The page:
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New Medical Devices Can Detect Cancer In Just A Drop Of Blood

 

Technology is a part of our everyday lives at home and work. As a medical assistant in a hospital or clinic, learning about new types of medical machinery is a routine task. Now, a new piece of technology is making the very difficult medical practice of diagnosing cancer easier and less invasive. Conditions that could often be left undiagnosed can now be detected through a single drop of blood. Here is what you need to know about how new technology is changing the way doctors diagnose cancer.

Difficulty Diagnosing Certain Cancers

Some cancers make themselves known quickly. There are detectable signs and unavoidable symptoms that cause the patient to seek medical attention quickly. However, other forms of cancer can have symptoms so subtle that they are not noticeable until they reach advanced stages. These cancers can include ovarian cancer, pancreatic cancer, kidney cancer, and cancer of the brain or spinal cord. Since early intervention is vital to a successful recovery, the lack of symptoms makes these forms of cancer especially dangerous. Often, a diagnosis comes too late and treatment is no longer effective. Luckily, new technological advancements are making recognizing even the most difficult forms of cancer much easier to detect. 

Cutting-Edge Cancer Research in Kansas

As a means to find a way to recognize hard-to-diagnose cancers, researchers from University of Kansas in Lawrence, KU Cancer Center and KU Medical Center have created a device that can detect cancer using an ultrasensitive “filtration” system. They call the device the “3-D-nanopatterned microfluidic chip.” This amazing new piece of technology has the capability to recognize cancer markers from within a patient’s blood or plasma.

The scientists and researchers behind the new development say the chip can diagnose and identify cancer by “filtering” a person’s blood sample for exosomes. Exosomes, which are small vesicles created by cells in the blood, were historically thought of as “trash bags” for unwanted cell content. However, recent studies have shown they can contain important biological information, including tumors growing or spreading in the body. By filtering out the exosomes, scientists can detect if cancer is present in the body, all through a simple drop of blood.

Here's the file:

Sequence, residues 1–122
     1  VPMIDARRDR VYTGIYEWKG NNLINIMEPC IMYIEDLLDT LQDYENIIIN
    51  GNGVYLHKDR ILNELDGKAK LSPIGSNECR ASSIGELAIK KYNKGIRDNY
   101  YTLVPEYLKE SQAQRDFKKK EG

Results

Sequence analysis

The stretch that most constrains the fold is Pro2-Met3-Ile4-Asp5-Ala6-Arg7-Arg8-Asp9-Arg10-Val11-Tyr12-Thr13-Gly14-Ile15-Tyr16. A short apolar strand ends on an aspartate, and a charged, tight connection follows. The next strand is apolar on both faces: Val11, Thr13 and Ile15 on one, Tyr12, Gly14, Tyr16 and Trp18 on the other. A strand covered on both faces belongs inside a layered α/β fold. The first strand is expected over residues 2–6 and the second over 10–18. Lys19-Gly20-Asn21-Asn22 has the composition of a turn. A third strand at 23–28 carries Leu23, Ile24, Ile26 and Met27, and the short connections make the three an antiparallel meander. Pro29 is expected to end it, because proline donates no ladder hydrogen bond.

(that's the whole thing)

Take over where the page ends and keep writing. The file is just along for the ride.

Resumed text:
Competing Research from the University of Illinois  

The scientists at the University of Kansas are not the only ones who have been working towards creating this medical technology. A research team at the University of Illinois at Chicago and Queensland University of Technology of Australia have also developed a tool to diagnose cancer through a blood sample. However, their technology works a little differently. Their mircofluid device can detect cancer by sorting through the various cells in the blood sample. By separating the cells by size, the device can detect which cells are cancerous.

This team of researchers recognizes that they are not the only group with the goal of making this type of cancer-detecting device. However, they do state that while many devices of this nature are arriving on the market, their technology is much less expensive than the others. In fact, they hope their device will eventually allow for quick, inexpensive liquid biopsies that will not only diagnose cancer, but provide personalized treatment plans for more effective results.

New Devices Show Great Promise

While both teams have made great progress towards their goals, more research and testing must be done before either product is introduced to the market. Even still, this research shows amazing promise for diagnostic testing and the treatment of cancer.

For instance, one of the most hard-to-detect cancers is ovarian cancer. In fact, according to the American Cancer Society, only 20 percent of ovarian cancer cases are caught in an early stage. For those cases, 94 percent of patients live longer than five years after their diagnoses. However, for the other 80 percent of ovarian cancer sufferers, their diagnoses came far too late. And in 2019, of the 22,530 women who are projected to be diagnosed with the disease, 13,980 will die from the cancer.  

These statistics have the potential to look much different once this new cancer-detecting technology becomes available in hospitals around the world. Early detection will lead to more successful treatments and more cancer survivors.

 

Advancements in medical treatments and diagnoses make this an exciting time to work in healthcare. Jumpstart your career today with Woodruff Medical.

 

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